Manmohan Singh changed the way India did business
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Manmohan Singh changed the way India did business

Wednesday, 19 May 2004, 07:00 Hrs
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NEW DELHI: Manmohan Singh, the British-educated economist set to become the 13th prime minister of India, is better known as the man who kick-started difficult economic reforms that helped integrate the country with the global economy.

As finance minister in P.V. Narasimha Rao's cabinet between 1991 and 1996, he not only put India on the map of the world's attractive investment destinations but also brought about a fundamental change in the way India Inc. conducted its business.

"He took path-breaking decisions at a time when our economy was in a terrible state," said N. Srinivasan, director general- designate of the Confederation of Indian Industry (CII).

"He is a man of great humility and total integrity who understands the economy extremely well," Srinivasan told IANS.

But Rao was not the first prime minister who saw potential in this soft-spoken economist. In 1990, he was handpicked by then prime minister Chandra Shekhar as his economic advisor, thereby bringing him into the public eye for the first time.

The other high points of his long career were governor of the Reserve Bank of India, deputy chairman of the Planning Commission and secretary general and commissioner of the South Commission in Geneva.

It is to his credit that he has never been embroiled in a controversy and has an impeccably clean image.

"He has no vested interests. He is very open-minded and willing to listen and likes to build consensus," said B.B. Bhattacharya, director of the Delhi-based Institute of Economic Growth.

"He would be the best consensus prime minister," Bhattacharya told IANS.

Born to Gurmukh Singh and Amrit Kaur on Sep 26, 1932, at Gah in West Punjab, now a part of Pakistan, Manmohan Singh studied economics at the University of Punjab, Oxford and Cambridge.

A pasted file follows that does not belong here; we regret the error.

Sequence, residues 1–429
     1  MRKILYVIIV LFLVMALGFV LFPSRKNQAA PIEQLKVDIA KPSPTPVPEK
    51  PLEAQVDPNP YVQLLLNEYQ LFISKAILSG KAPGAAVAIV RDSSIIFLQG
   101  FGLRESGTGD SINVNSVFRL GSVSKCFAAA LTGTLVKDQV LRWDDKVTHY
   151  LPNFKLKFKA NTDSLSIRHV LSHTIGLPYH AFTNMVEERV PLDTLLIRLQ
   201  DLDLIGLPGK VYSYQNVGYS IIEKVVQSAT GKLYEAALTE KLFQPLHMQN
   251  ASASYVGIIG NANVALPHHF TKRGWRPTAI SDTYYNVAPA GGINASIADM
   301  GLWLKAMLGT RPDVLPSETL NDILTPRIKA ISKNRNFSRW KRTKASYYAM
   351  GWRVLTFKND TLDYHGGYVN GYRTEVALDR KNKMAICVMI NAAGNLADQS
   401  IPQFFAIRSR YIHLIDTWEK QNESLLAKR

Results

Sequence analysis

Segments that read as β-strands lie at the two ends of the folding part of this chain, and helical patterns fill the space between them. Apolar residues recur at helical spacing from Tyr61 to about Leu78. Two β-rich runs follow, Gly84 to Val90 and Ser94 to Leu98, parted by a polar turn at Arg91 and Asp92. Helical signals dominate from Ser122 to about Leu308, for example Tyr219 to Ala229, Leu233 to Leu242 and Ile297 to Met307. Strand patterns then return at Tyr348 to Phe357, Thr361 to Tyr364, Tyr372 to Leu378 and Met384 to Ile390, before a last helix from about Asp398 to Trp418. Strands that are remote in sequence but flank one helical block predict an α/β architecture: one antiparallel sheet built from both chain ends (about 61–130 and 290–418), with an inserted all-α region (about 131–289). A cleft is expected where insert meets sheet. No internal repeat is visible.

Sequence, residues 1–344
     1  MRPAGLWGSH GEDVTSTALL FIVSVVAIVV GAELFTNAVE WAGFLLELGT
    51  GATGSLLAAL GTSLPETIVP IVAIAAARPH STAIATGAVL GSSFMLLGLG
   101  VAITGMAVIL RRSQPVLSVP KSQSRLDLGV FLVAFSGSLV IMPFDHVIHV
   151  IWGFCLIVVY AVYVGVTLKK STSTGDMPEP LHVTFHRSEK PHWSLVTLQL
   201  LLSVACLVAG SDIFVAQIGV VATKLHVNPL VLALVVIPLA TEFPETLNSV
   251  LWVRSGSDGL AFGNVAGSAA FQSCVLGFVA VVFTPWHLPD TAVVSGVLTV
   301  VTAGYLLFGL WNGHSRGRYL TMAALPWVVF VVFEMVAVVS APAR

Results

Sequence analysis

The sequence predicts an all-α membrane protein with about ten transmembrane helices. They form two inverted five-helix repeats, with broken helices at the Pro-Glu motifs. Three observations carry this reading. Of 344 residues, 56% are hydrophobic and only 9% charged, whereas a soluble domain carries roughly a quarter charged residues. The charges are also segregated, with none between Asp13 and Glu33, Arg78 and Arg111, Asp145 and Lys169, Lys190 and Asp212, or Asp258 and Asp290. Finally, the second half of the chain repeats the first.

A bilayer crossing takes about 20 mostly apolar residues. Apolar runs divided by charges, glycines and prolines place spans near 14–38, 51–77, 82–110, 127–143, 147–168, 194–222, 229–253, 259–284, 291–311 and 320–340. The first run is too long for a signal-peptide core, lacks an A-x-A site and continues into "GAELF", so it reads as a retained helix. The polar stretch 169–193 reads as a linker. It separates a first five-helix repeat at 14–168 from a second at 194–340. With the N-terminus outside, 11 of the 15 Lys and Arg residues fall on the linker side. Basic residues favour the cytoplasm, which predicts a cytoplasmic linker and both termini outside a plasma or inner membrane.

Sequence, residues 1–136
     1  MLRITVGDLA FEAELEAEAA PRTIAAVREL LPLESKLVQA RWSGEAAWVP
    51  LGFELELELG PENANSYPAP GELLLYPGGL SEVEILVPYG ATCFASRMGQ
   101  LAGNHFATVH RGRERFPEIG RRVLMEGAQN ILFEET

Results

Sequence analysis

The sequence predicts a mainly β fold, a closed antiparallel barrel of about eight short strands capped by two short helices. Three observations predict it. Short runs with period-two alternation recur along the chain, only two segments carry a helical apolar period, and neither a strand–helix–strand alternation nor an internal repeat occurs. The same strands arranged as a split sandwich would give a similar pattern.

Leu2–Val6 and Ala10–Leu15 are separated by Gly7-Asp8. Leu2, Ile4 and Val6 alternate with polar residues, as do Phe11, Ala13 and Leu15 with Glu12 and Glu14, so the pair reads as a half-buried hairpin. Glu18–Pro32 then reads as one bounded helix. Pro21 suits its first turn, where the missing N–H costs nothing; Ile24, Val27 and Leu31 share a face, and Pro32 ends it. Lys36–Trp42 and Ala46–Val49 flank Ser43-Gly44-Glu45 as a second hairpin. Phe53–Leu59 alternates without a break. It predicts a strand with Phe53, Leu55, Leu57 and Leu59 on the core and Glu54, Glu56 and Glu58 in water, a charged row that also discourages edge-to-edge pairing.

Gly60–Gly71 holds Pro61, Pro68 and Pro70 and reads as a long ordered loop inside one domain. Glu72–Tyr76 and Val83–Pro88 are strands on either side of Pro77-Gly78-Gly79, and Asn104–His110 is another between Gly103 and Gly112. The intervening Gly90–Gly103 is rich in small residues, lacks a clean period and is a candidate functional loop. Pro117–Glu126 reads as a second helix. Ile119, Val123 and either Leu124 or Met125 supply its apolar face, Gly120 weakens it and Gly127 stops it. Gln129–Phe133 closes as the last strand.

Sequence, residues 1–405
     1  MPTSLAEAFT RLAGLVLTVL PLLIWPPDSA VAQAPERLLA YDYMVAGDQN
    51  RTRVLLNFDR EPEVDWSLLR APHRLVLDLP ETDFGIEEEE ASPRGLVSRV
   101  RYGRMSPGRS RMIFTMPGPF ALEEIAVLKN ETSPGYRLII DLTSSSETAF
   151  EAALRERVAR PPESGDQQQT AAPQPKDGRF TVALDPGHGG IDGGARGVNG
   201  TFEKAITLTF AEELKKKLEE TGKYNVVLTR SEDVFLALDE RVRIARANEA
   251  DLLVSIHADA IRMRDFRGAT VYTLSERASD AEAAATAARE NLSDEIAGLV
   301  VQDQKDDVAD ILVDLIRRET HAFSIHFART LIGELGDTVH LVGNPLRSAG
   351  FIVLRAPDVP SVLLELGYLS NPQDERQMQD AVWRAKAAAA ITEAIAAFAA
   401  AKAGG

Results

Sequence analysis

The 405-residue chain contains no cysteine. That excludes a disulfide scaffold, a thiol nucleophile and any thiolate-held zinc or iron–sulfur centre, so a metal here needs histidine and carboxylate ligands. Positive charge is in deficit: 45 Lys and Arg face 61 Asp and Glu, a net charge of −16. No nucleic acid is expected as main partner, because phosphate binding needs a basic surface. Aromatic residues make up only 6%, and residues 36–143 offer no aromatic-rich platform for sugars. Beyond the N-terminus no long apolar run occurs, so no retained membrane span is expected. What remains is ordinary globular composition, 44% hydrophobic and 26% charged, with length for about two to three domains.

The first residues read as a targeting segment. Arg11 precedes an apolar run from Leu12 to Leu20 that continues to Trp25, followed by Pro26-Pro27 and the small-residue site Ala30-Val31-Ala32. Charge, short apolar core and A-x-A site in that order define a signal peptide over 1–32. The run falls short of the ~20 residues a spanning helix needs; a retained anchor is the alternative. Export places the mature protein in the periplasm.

Armed with a doctorate in economics, he began his career as a lecturer at the University of Punjab in 1957 and shifted to the Delhi School of Economics (D-School) in 1969.

After three years in D-School, where he taught international trade, he became a civil servant -- first as an economic advisor in the ministry of foreign trade and then as chief economic advisor in the finance ministry.

Between 1976 and 1980, he was also India's finance secretary, following which he was appointed member-secretary in the Planning Commission.

From 1982 to 1985, he was governor of the Reserve Bank of India (RBI), and from 1985 to 1987 he was deputy chairman of the Planning Commission, which has traditionally been a position reserved for a politician with economic leanings.

Between 1987 and 1991, he also served in various capacities at the South Commission, the Prime Minister's Office and the University Grants Commission.

Having occupied virtually all key positions in India's economic administration, with added international perspective thanks to his stints at the International Monetary Fund (IMF) and South-South Commission, it was time for Manmohan Singh to transform himself into a politician.

In 1991, when he joined the Narasimha Rao cabinet, it was a turbulent time for the Indian economy with foreign exchange coffers barely enough for two weeks' imports.

He nursed the economy and initiated policies that changed the basic aspirations of corporate India to become a global player and integrate with the world economy.

"I stood behind him like a rock," Narasimha Rao said in a recent interview. "I encouraged him when I found him diffident. I gave him political support through thick and thin."

Manmohan Singh was also one finance minister who made the union budget a much-watched exercise and used it for policy pronouncements with far-reaching implications, peppering it with interesting Urdu couplets.

In 1994, when he presented what is described as his best fiscal budget, he quoted Victor Hugo in his speech and said: "No power on earth can stop an idea whose time has come."

He was first elected to the Rajya Sabha in October 1991 and represents Assam in the upper house of Parliament.

The author of a book titled 'India's Export Trends and Prospects for Self-Sustained Growth', which was published by Clarendon Press, Oxford University, in 1964, he also has numerous articles to his credit.

He is married to Gursharan Kaur and has three daughters.




Source: IANS
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